By Ange de la Victoire DUSABEMUNGU
On Friday, July 8, 2022, the Rwanda Men’s Resource Center (RWAMREC) unveiled to the journalists the key findings of the Bandebereho Randomized Control Trial, a six year gender transformative program that uses fatherhood as am entry-point to promote men’s engagement in maternal, newborn and child health, caregiving, violence prevention and healthier couple.
The programme which started in 2013 as pilot was implemented by RWAMREC in collaboration with the Rwanda Biomedical Centre through its Maternal Child and Community Health Division, the Ministry of Gender and Family Promotion and Promundo.
The program started in Musanze, Karongi, Rwamagana and Nyaruguru districts. Two years after its implementation, that is in 2015 a baseline study was conducted and the results showed that it was productive based on its objectives.
According to RWAMREC, the pilot showed that Bandebereho resonated with the participating couples.
Presenting the results of the trial program, Kate Doyle, Promundo Fellow explained that in 2015, they randomly recruited about 1200 couples, who are eligible to participate in the program and participate in various sessions.
After the pilot phase, RWAMREC and Promundo conducted the evaluation of the project through a randomized controlled trial (RCT) with 1,199 families to rigorously assess the impact on participating families.
Compared to the control group, at 21-months post baseline (16 months post intervention), participating couples reported greater reduction in violence against women and in physical punishment of children, lower rates of men’s threats of violence against children, higher rates of male partner support during pregnancy and men accompanying women to atleast 2 ANC visits, greater father involvement in childcare, greater couple communication, less dominance of men in households decisions, greater sharing of household work and more equitable gender attitudes.
To assess the sustainability of the above mentioned outcomes, the program was later focused on Musanze District only. It targets couples in all villages to adapt, and testing the delivery of Bandebereho through the health system as part of the transition to scale.
“Six years later, we were interested to understand all of those positive changes that we saw earlier on the programme.” Ms. Kate said
“So we wanted to know: are those positive changes still there? Are couples still experiencing improved relationships, improved parenting? Are children benefiting also from those changes?” she added.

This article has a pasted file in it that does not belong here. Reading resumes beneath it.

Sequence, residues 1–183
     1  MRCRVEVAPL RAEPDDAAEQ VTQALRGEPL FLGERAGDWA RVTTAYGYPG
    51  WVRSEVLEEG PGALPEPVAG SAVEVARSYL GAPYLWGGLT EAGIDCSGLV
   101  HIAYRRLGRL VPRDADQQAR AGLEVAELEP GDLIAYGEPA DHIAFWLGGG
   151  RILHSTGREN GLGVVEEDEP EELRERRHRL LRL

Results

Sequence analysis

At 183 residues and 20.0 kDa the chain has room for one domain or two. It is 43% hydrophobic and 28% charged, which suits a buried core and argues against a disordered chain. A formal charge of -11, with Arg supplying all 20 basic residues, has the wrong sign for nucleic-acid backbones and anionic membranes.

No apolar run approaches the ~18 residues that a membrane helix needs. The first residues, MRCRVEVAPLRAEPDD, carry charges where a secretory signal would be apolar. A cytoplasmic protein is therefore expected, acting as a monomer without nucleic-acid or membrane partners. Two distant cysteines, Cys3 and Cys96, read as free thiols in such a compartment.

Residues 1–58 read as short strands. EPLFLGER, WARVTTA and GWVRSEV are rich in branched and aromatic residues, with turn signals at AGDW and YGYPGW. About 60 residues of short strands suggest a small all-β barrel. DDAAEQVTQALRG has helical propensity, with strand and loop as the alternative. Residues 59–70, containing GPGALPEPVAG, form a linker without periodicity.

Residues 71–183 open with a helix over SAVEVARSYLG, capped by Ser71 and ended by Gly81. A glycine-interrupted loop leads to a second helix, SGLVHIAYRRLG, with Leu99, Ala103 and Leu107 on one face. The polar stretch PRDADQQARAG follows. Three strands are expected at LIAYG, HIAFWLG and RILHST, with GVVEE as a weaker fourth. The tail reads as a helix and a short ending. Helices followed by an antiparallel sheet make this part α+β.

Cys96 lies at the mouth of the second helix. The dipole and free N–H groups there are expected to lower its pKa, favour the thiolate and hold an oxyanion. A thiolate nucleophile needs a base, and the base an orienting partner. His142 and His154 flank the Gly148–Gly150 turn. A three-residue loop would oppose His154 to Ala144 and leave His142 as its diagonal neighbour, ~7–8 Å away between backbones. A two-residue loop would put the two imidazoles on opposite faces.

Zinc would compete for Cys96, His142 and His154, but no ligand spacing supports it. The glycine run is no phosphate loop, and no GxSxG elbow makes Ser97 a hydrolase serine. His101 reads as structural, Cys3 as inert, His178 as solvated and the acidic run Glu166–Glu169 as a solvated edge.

“So we wanted to go back and interview the same men and women six years later and understand, yes, whether those changes are consistent, but also whether these changes that we’re seeing in the household and parents’ relationships with each other and with their children are actually helping to improve children’s outcomes as well.” Ms. Kate explained
She revealed that many of the outcomes which were previously seen have been sustained six years later.
Among the sustained outcomes are that women who participated with their partners experienced considerably less violence from their partner than women in the control room. These include less physical violence, less sexual violence, but also less economic violence, and less emotional violence.
“And we know that all these different forms of violence have a really significant impact on women’s mental health and well being and physical health, but also on the children’s well being and development.” Ms. Kate commented.
Apart from lessening violence, Ms. Kate also added that it’s also building new skills for couples on how they can resolve conflicts without resorting to violence.
“So not only are men and women who are participating, experiencing these changes, but these changes are also visible to those in their communities and their friends and their neighbours and community leaders.” she said
“They’re seeing that the intervention is having an impact in changing how couples are relating to each other and reducing violence within the home creating harmony.” Ms. Kate added.
Journalists speak out
During the presentation of the results of the Bandebereho program, journalists were given the opportunity to comment and highlight the need for RWAMREC to step up its efforts in campaigning against gender based violence even among the rich and high profile people.
Emma Marie Umurerwa of IRIBA NEWS said that such research should not only focus on the rural population but also on the urban population and add that it should focus on the homes of prominent people including leaders because there is unreported gender based violence in their families.
Without citing any one’s name, Ms. Emma observed that “such programs should also target families of Rich people and leaders because there are types of violence against women in such homes and they are not reported.”
According to the Executive Director of RWAMREC, Fidele Rutayisire, the programme is going to enter the next phase that will lead to the country wide implementation.
“After the implementation of the Bandebereho programme in Musanze district in particular, there is a plan to combine the implementation Burera and Gakenke districts and later continue throughout the country,” he said.
“We still have many more to teach through this gender transformative program,” he added.
He explained that the reason why men are mostly targeted is because they are one of the key factors that can lead to positive changes in various aspects.